In the practice of Mahasati insight meditation, we develop the faculty of being able to observe what is occurring in the body and mind without any judgment and without adding anything to what we are experiencing. Not judging means not saying to oneself that this should or shouldn’t be here. Whatever is here in this body and mind, in this present moment, is what’s here. Not adding anything means not thinking about and creating a story around what we are experiencing. It also means holding back on our usual habit of continuously taking ownership for mental and physical phenomena by believing “this is my physical pain, my thought, or my emotion.” We are practicing being able to simply observe it all as natural phenomena that is occurring in the moment to moment unfolding of this body and mind.
There was a small pond near my house when I was growing up. As a child, I used to love to play near the pond and try to catch tadpoles and frogs. This was always much more difficult than it looked. When I would first arrive at the shore of the pond, the water was always crystal clear, and you could easily see the numerous tadpoles and small fish that lived beneath the surface. But as soon as I stuck my hand in the water, the tadpoles would scurry and kick up clouds of sediment from the bottom such that it immediately became impossible to see anything. And, once that happened, there was nothing you could do to make the water clear again other than waiting for the sediment to settle naturally. You couldn’t push the sediment back to the bottom; you just had to let nature itself clarify the water once again. I’ll probably pay a karmic price for terrorizing those small creatures, though I certainly meant them no harm, and was even certain that if I caught one, we would become close friends.
It occurs to me there is a simile here between how the crystal-clear pond water clouded when I tried to grab a tadpole, and how the mind also goes from clear to deluded when a self tries to grasp on to something. Like the clear pondwater, the mind is originally crystal clear and without any suffering. When one observes a mind whose sediment has not been recently stirred, one sees nature unfolding within it. Whatever activity is taking place in that mind is immediately and clearly seen. It is recognized as impermanent (anicca), as not worthy of being clung to (dukkha), and as not-self (anatta) – just as the movement of the aquatic life is clearly visible before the child inserts his hand into the pond and the sediment is disturbed.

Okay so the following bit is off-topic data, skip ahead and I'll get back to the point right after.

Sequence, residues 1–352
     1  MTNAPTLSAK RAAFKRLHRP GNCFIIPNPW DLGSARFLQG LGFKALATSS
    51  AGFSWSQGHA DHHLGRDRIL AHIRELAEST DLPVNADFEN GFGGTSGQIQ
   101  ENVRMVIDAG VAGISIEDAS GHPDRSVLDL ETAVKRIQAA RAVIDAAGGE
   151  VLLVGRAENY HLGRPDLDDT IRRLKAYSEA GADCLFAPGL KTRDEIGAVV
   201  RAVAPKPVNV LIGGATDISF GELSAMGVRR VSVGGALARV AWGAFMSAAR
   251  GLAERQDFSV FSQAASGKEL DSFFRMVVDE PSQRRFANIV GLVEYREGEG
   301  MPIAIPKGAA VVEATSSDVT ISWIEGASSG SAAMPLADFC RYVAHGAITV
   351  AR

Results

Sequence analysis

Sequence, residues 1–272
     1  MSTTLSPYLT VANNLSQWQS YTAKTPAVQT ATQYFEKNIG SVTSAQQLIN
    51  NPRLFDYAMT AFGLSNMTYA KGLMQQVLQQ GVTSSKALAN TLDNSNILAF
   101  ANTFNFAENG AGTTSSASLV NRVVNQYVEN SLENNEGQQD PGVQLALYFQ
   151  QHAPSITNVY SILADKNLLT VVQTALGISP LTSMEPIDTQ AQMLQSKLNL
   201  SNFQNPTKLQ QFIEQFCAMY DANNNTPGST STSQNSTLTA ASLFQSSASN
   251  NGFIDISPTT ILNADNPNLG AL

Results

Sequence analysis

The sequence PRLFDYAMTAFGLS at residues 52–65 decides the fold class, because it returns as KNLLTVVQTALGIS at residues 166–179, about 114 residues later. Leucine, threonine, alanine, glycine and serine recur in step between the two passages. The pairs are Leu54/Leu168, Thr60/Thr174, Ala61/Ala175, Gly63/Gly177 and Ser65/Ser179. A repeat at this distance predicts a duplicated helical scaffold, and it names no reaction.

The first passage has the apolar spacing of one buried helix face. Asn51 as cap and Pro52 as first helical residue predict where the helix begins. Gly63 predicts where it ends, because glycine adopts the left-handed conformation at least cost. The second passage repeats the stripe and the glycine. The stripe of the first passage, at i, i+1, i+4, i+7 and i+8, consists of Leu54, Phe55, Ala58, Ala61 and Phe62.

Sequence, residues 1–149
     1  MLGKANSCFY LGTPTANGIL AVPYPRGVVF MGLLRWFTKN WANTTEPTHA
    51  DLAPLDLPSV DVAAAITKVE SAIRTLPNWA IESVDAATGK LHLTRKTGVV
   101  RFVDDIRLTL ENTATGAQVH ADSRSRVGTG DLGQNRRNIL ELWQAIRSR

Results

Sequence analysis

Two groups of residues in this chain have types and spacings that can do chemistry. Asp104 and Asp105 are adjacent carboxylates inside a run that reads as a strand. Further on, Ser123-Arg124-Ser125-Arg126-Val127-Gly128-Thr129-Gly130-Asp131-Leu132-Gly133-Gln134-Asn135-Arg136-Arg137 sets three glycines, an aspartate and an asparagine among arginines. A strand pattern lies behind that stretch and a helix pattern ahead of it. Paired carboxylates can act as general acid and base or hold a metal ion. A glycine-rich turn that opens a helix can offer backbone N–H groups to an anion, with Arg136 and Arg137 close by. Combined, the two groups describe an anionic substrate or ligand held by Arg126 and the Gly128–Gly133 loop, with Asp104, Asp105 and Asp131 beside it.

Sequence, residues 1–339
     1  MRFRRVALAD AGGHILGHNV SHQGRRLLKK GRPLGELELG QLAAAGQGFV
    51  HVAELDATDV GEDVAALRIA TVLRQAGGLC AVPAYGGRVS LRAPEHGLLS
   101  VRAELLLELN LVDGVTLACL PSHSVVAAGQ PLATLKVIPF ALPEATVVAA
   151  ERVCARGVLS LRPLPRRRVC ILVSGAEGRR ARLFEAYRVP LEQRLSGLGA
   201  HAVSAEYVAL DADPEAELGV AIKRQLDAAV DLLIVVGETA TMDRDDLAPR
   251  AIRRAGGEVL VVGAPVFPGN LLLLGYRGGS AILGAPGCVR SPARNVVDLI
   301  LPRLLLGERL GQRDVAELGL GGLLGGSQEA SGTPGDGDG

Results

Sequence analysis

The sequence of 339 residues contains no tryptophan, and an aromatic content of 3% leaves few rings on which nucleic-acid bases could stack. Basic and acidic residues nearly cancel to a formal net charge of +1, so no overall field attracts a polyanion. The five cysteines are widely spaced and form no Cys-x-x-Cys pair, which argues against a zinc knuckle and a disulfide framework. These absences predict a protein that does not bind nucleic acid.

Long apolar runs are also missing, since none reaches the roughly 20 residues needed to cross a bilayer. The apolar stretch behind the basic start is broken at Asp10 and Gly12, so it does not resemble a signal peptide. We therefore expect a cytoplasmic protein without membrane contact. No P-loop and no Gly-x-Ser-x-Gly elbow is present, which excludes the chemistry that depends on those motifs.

Some people believe that the body and mind must be still in order to be clear, but this is not correct. When I would first arrive at the pond, there was plenty of activity going on in the water, and it was all clearly visible. The water was crystal clear until I tried to grab something. In much the same way, the body can move, and the mind can think thoughts and feel and perceive without producing clouds of sediment. It is only when we try to own the phenomena in the body and mind, like a child trying to own a tadpole, that the clouds of delusion are stirred, and suffering arises.
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